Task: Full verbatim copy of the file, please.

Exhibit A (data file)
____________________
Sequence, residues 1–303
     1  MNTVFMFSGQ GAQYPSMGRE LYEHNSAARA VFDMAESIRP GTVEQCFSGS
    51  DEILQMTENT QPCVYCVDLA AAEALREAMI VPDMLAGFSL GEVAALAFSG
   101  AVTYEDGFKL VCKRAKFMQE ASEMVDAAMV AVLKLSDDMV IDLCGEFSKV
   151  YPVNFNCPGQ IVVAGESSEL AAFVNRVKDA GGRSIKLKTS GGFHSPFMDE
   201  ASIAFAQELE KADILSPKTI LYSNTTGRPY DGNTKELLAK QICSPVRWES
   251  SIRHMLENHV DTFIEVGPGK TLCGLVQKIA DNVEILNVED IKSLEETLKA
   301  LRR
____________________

Sequence, residues 1–303
     1  MNTVFMFSGQ GAQYPSMGRE LYEHNSAARA VFDMAESIRP GTVEQCFSGS
    51  DEILQMTENT QPCVYCVDLA AAEALREAMI VPDMLAGFSL GEVAALAFSG
   101  AVTYEDGFKL VCKRAKFMQE ASEMVDAAMV AVLKLSDDMV IDLCGEFSKV
   151  YPVNFNCPGQ IVVAGESSEL AAFVNRVKDA GGRSIKLKTS GGFHSPFMDE
   201  ASIAFAQELE KADILSPKTI LYSNTTGRPY DGNTKELLAK QICSPVRWES
   251  SIRHMLENHV DTFIEVGPGK TLCGLVQKIA DNVEILNVED IKSLEETLKA
   301  LRR